Native fish recovery stocking after floods


Over 1.26 million native fish are planned to be stocked across nine Victorian waterways this summer, to help them recover from flooding and blackwater impacts in Spring 2022.

The VFA is working closely with Arthur Rylah Institute, DEECA, Catchment Management Authorities, VRFish, angling associations and recreational fishers to help recover flood affected native fish populations through a combination of native fish salvage, fish translocation and native fish recovery stocking.

Through consultation with key stakeholders, flood recovery stocking of native fish is occurring in nine flood affected waters across the Goulburn Broken and North Central catchments. Please see the below table of increased native fish recovery stocking in these affected waters:

Flood affected  waterway2021/22 (pre flood stocking)2022/23 (flood season)2023/24 planned flood recovery stocking
Broken Creek 9,900 Murray cod, 1,270 golden perch 34,500 golden perch 30,000 Murray cod, 120,000 golden perch
Little Murray River 8,600 Murray cod 30,000 Murray cod 30,000 Murray cod, 30,000 golden perch
Pyramid Creek Zero 25,000 Murray cod 20,000 Murray cod, 20,000 golden perch
Loddon River 82,500 Murray cod, 60,000 golden perch 206,000 Murray cod, 41,600 golden perch 180,000 Murray cod, 145,000 golden perch
Broken River
66,300 Murray cod, 28,000 golden perch
68,000 Murray cod, 108,500 golden perch 60,000 Murray cod, 100,000 golden perch, 5,000 trout cod
Gunbower Creek 60,000 Murray cod, 0 golden perch 60,000 Murray cod, 65,000 golden perch 50,000 Murray cod, 70,000 golden perch
Boosey Creek 3,000 Murray cod, 7,700 golden perch 3,000 Murray cod, 3,500 golden perch 3,000 Murray cod, 5,000 golden perch
Kangaroo Lake 50,000 Murray cod, 100,000 golden perch 105,000 Murray cod 200,000 Murray cod, 200,000 golden perch
Hughes Creek Zero 2,000 Macquarie perch 2,000 Macquarie perch

*Note: Golden perch production and stocking in the summer of 2022/23 was seriously impacted from the 2022 floods, however large numbers of golden perch and Murray cod are expected to be produced and stocked in the summer of 2023/24.

Recent monitoring of native fish populations in ten waterways across Victoria (the Native Fish Report Card Program) show that despite flooding in 2022, most populations have increased in abundance or remained steady. This suggests that fisheries management interventions such as fish stocking, regulations and habitat, combined with good environmental conditions, have contributed to resilient native fish populations.

Captive breeding programs are also underway to boost the production and stocking numbers and recovery of threatened native fish species such as trout cod, Macquarie perch and purple spotted gudgeon.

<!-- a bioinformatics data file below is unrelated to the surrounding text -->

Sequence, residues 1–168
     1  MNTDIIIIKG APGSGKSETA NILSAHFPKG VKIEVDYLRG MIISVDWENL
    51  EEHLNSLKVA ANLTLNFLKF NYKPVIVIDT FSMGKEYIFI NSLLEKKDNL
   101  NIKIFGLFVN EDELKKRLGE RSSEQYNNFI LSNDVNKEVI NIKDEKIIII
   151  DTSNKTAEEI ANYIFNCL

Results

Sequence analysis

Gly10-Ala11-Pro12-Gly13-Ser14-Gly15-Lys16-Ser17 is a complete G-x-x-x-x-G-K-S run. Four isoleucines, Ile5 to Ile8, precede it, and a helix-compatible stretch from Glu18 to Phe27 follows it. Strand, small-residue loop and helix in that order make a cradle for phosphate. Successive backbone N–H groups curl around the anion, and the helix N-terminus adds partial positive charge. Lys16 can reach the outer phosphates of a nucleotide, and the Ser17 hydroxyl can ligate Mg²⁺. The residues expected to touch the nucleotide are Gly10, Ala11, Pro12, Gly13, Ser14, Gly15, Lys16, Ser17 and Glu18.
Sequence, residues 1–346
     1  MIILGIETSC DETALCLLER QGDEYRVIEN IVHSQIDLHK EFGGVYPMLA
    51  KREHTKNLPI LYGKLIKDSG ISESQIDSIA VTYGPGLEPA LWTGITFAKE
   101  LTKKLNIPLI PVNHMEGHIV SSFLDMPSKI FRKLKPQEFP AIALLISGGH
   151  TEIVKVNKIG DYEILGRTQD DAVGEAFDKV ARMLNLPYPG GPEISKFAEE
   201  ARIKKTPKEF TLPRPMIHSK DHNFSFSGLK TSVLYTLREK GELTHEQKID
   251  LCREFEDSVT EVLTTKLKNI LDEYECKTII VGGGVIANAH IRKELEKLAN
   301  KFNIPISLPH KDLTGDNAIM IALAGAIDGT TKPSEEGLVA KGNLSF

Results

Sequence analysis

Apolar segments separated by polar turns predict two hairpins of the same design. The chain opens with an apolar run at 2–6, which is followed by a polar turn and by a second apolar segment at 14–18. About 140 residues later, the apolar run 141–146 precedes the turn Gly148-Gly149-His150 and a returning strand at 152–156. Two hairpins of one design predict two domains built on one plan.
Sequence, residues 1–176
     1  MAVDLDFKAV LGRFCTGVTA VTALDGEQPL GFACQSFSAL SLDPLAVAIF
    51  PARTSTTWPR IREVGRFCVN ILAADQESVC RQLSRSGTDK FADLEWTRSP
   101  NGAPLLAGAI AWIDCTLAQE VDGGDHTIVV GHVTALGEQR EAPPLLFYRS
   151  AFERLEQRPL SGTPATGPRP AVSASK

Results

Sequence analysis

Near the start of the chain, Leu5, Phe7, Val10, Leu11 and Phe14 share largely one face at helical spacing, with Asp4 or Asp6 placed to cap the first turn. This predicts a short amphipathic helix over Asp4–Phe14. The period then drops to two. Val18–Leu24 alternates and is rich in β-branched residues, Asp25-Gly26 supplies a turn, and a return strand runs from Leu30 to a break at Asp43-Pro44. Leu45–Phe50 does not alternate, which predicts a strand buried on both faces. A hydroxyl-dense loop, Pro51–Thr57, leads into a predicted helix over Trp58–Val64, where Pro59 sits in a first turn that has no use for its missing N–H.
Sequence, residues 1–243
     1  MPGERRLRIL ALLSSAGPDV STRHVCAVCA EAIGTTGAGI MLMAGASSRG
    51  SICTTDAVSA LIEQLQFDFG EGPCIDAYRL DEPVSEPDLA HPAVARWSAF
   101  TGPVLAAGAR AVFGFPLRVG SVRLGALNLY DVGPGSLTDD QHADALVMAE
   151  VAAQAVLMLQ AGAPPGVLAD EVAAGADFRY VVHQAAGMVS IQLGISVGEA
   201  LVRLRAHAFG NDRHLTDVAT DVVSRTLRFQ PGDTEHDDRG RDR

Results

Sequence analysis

For further information, please feel free to call or email Taylor Hunt, Fisheries Manager on 0418 478 028 or


In Spring 2022, many Victorian waterways suffered devastating native fish kills due to major flooding and associated low dissolved oxygen. The low dissolved oxygen was caused by large swathes of organic material being inundated and subsequently decomposing.

Significant fish deaths occurred in the Little Murray River, Broken Creek, Boosey Creek, Gunbower Creek, Loddon River, Kerang lakes, and the Murray River at Echuca and Swan Hill.

Over 2,000 native fish and Murray Spiny Freshwater Crayfish were rescued from waters including Gunbower Creek, Pyramid Creek, Taylor’s Creek, Racecourse Lake, Phyland Lagoon, Broken Creek and the Murray River from Echuca to Mildura.

Around 550 native fish, including Murray cod, golden perch, silver perch and trout cod, were relocated from the Gunbower Creek system to areas with good water quality in the Campaspe and Loddon rivers.

Around 1,200 native fish and crayfish were temporarily held in Government and private hatcheries in Victoria and NSW, under the watchful eye of hatchery staff while they and their waterways recovered.

At our Snobs Creek Fish Hatchery, the team received and cared for highly endangered Purple Spotted Gudgeon and Tandanus catfish.

At our Arcadia Native Fish Hatchery, the team received and cared for Murray cod, golden perch, silver perch and Murray Spiny Freshwater Crayfish.

When water conditions returned to normal, the native fish and crayfish were returned to their homes with help from recreational fishers, indigenous groups and Catchment Management Authorities.

A small number of these fish were retained by our hatcheries as broodstock for restocking affected waters, in particular, distinct genetic strains of Purple Spotted Gudgeon, which will form an important component of the conservation breeding and stocking program for this species.

Overall, the efforts to rescue, relocate, care for, breed, and restock native fish will help native fish populations and fisheries recover and demonstrate we are responsive to community and environmental needs.